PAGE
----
For the past five years, the mad scientists at CERN have been connecting their computers to colleagues' around the world to pool their processing power. This so-called Worldwide Grid turns a regular old desktop into a supercomputer by just plugging in. Now it will do the same with smartphones and tablets.
CERN scientists are in the final stages of a major upgrade to the Worldwide Grid that will enable mobile devices—namely those that run Android—to join the ultra-powerful network. That network is already made up of 200,000 computers from around the globe and has enough horsepower to analyze the 26 million gigabytes of data that CERN's Large Hadron Collider produces annually. (Note: That's a lot of data.) "The Grid that we have implemented for physics is a mechanism to allow scientists to share data and collaborate," CERN's Ian Bird told The Telegraph. "It brings together disparate resources from around the world so that they are working as if they are single system."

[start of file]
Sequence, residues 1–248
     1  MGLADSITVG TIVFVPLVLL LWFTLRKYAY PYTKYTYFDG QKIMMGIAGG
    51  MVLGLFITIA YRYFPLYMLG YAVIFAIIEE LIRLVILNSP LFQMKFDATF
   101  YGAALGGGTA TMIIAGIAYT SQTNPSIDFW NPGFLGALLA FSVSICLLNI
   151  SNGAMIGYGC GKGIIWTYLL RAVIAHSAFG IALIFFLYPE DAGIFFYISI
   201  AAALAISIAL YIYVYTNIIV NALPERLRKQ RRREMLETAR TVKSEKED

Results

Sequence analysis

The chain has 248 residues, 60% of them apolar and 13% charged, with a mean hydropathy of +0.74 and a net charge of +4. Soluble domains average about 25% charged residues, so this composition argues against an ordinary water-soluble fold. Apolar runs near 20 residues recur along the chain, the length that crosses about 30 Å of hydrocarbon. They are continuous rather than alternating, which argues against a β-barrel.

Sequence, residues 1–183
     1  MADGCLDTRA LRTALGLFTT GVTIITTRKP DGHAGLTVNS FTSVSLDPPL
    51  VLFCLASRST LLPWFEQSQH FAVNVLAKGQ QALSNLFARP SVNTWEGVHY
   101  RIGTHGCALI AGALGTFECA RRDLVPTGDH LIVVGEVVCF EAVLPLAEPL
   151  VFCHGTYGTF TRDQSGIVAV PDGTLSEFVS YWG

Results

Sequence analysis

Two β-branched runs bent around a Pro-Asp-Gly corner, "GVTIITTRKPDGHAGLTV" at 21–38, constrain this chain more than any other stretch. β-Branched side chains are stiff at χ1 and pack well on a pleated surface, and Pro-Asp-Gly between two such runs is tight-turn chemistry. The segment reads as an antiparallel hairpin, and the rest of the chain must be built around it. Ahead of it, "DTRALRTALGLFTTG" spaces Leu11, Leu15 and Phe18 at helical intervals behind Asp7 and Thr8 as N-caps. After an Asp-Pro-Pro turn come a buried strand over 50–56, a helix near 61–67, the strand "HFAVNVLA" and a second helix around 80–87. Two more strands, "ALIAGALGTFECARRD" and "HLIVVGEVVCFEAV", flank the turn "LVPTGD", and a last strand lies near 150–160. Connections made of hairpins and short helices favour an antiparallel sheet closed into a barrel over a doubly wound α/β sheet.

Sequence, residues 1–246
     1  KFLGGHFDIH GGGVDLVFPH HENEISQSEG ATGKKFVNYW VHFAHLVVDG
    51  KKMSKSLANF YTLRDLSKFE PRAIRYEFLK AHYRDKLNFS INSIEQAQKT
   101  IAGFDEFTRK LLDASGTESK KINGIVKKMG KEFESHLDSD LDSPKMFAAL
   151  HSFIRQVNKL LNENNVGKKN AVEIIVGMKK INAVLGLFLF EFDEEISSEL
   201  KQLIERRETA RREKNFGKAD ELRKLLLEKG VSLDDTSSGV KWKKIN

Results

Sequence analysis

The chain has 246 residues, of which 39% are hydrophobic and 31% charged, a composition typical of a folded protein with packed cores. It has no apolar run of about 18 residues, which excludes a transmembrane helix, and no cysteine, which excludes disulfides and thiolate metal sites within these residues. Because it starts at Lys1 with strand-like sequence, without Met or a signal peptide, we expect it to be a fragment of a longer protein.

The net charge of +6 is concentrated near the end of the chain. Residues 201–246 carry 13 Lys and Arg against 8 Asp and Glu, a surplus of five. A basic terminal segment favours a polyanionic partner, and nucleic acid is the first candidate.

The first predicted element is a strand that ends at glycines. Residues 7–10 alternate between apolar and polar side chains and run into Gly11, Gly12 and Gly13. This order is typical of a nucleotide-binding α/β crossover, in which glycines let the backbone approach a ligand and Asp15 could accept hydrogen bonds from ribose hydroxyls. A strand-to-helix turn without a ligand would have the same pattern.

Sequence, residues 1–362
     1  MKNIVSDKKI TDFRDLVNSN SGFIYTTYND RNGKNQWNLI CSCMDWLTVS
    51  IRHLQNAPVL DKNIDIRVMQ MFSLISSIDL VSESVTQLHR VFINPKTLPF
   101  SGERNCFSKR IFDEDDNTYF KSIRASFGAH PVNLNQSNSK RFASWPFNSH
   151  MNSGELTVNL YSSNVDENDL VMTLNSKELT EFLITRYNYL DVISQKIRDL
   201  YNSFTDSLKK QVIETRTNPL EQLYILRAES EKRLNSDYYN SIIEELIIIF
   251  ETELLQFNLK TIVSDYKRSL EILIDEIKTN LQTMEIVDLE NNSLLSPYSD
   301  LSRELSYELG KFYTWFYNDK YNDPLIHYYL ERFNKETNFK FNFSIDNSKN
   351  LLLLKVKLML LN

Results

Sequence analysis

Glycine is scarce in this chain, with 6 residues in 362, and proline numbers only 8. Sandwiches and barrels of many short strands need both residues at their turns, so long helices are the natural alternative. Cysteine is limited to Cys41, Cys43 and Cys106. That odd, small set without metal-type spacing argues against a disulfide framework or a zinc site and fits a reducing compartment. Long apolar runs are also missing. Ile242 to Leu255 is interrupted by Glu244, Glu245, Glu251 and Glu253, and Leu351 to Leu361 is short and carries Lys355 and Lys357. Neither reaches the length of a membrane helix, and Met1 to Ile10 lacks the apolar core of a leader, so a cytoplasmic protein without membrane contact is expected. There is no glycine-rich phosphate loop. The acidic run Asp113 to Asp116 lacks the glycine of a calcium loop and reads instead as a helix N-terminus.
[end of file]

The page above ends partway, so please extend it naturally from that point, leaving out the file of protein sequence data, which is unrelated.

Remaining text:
Think of it this way. The Worldwide Grid is a lot like the World Wide Web, except instead of computers on the network simply sharing files between them, they share resources. That means that Frank Johnson and his 1997 Hewlett Packard minitower could tap into the Grid and suddenly gain the processing power of every other computer that's connected. So suddenly that old Pentium II can do things that only room-sized computers have been able to do in the past. It's such an advancement that some are saying the Grid will be the successor to the Web.
Here's a better analogy. Did you ever watch Voltron back in the 80s? It's the action packed cartoon where robotic cats all join together to form one giant all-powerful robot that stomps on everything and blasts villains into oblivion. Well, that's how the Worldwide Grid works… except with fewer lasers. Now that smartphones and tablets are joining it, who knows how powerful this beast could become.